The Influence of Fiduciary Laws and Norms on Economic Development: Lawyers as Trusted Agents in Nineteenth Century American Commerce

43 Pages Posted: 17 Sep 2017

See all articles by Michael Halberstam

Michael Halberstam

Case Western Reserve University School of Law

Justin Simard

Willamette University - College of Law; Northwestern University; American Bar Foundation

Multiple version iconThere are 2 versions of this paper

Date Written: August 27, 2017

Abstract

This article is the first to demonstrate the important role that fiduciary principles, and the attorneys who adopted them, played in American economic development during the nineteenth century. Our original historical research provides a detailed look at agency relationships during the period. We show that (1) lawyers were heavily involved as trusted agents in U.S. commerce during the nineteenth century, and that (2) their profession’s devotion to fiduciary principles, enabled them to play this crucial role as intermediaries. We argue that principles of fiduciary law, disseminated by lawyers, helped to solve agency problems, which institutional economists consider to be a significant barrier to modern economic development and growth.

This critical role of fiduciary law in the development of American capitalism has been missed by economists who interpret fiduciary law as a form of contract. Only by understanding fiduciary law as a distinct normative regime, can we appreciate how it served to constitute a social role for lawyers that helped generate trust in a risky economy.

Understanding fiduciary law’s place in the development of American capitalism illustrates important connections between the legal and cultural development of market institutions and has implications both for scholars and for policymakers engaged in modern development efforts.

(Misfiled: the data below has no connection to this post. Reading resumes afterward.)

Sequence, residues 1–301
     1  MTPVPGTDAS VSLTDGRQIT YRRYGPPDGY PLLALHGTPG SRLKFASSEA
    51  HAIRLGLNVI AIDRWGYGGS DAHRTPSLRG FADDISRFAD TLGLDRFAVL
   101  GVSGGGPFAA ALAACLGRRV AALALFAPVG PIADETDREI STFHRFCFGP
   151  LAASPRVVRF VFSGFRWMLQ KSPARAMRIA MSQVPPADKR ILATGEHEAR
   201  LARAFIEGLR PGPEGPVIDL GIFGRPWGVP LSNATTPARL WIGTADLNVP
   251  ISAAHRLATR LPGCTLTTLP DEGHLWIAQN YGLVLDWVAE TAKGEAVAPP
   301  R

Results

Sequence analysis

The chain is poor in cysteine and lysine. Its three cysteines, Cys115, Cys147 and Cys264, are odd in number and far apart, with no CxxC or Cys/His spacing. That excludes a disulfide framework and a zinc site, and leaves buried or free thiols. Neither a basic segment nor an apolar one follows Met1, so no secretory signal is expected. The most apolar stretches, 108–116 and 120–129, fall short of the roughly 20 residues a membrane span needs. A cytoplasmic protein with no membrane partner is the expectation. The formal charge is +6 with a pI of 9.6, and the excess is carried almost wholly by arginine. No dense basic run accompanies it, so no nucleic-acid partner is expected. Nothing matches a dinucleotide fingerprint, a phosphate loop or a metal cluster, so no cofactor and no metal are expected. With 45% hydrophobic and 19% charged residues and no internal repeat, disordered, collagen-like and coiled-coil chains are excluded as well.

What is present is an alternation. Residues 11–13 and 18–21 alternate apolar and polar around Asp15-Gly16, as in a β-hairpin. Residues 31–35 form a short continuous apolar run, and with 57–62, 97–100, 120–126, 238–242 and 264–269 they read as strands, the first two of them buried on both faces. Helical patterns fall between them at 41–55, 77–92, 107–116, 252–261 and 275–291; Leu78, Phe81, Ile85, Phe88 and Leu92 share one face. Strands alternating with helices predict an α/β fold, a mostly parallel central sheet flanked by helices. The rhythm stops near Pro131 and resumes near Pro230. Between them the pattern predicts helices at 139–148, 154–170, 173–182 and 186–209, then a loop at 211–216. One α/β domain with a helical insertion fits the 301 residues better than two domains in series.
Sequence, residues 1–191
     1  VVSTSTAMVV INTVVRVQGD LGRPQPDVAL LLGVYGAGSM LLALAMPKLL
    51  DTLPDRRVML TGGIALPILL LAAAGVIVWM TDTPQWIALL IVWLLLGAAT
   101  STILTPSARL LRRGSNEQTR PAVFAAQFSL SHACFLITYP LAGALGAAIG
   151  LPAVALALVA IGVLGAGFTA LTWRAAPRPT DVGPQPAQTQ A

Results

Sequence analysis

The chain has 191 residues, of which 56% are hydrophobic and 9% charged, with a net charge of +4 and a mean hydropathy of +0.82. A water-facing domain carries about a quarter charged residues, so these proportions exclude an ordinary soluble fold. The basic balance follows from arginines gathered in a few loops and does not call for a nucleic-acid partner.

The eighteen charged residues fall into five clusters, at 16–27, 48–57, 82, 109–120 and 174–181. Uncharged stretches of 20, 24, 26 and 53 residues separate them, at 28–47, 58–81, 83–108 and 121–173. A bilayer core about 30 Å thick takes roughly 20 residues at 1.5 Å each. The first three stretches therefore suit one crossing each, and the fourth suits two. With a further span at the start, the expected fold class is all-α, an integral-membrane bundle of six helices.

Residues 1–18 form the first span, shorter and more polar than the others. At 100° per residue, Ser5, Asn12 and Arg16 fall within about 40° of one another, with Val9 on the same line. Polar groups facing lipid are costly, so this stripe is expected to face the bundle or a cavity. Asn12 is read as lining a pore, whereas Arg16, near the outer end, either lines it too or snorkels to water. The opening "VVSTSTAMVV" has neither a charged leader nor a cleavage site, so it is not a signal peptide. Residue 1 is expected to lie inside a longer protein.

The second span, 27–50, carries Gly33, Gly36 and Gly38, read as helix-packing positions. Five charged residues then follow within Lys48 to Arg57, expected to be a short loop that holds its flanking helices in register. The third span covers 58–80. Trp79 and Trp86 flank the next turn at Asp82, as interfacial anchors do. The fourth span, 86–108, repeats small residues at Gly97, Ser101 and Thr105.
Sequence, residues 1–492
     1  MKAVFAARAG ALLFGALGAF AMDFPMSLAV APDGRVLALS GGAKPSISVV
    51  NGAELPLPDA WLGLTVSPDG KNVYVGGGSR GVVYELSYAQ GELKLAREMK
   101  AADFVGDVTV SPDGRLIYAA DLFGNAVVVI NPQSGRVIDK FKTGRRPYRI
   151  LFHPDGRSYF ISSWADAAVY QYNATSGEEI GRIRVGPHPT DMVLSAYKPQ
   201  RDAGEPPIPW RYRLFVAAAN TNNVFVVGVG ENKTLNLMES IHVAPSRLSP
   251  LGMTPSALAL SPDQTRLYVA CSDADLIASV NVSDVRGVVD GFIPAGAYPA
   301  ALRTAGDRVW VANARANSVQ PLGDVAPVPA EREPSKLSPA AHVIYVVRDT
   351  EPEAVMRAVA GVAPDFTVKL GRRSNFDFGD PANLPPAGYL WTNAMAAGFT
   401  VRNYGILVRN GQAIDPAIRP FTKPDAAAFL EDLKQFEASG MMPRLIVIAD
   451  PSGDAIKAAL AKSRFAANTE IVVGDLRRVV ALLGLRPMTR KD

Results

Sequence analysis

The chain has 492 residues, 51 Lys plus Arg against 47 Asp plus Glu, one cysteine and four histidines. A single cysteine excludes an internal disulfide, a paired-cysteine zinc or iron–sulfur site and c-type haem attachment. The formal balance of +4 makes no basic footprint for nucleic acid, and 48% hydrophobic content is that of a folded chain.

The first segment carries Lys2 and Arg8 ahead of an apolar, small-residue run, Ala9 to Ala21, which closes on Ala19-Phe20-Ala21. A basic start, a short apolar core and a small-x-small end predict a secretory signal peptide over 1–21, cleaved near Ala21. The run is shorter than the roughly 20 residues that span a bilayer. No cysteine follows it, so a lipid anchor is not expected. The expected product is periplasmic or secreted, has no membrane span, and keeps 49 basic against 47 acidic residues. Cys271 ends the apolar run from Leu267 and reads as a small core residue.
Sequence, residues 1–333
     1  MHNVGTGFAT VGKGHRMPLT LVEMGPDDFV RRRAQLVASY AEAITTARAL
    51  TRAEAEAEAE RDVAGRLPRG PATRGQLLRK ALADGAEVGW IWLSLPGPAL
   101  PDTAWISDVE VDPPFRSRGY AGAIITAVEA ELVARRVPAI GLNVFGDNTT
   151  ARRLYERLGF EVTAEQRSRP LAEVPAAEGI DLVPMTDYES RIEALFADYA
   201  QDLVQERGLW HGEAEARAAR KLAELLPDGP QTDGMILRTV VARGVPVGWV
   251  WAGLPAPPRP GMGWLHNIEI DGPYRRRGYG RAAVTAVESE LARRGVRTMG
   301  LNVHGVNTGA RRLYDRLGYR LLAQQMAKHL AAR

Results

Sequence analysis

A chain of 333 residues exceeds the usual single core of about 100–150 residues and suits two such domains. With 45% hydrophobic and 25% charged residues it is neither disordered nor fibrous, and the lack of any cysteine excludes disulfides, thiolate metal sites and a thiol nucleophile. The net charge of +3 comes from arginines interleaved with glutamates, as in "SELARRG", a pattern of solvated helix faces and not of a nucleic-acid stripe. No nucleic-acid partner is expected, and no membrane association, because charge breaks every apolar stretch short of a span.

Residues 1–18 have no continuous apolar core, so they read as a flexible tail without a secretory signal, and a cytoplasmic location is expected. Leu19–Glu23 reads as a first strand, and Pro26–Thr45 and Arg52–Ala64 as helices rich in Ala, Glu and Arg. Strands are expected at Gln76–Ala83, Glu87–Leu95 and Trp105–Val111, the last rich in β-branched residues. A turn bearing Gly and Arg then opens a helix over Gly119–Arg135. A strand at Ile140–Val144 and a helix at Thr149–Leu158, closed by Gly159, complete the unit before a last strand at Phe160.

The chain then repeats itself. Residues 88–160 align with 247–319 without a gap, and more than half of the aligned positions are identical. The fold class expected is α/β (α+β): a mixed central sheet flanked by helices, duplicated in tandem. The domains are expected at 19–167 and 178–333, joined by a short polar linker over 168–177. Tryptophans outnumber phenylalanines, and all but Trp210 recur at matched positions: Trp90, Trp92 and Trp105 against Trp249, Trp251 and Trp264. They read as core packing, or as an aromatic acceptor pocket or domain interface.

Suggested Citation

Halberstam, Michael and Simard, Justin, The Influence of Fiduciary Laws and Norms on Economic Development: Lawyers as Trusted Agents in Nineteenth Century American Commerce (August 27, 2017). Columbia Law and Economics Working Paper No. 573. Available at SSRN: https://ssrn.com/abstract=3037108 or http://dx.doi.org/10.2139/ssrn.3037108

Michael Halberstam (Contact Author)

Case Western Reserve University School of Law ( email )

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Justin Simard

Willamette University - College of Law ( email )

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Salem, OR 97301
United States

Northwestern University ( email )

2001 Sheridan Road
Evanston, IL 60208
United States

American Bar Foundation ( email )

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Chicago, IL 60611
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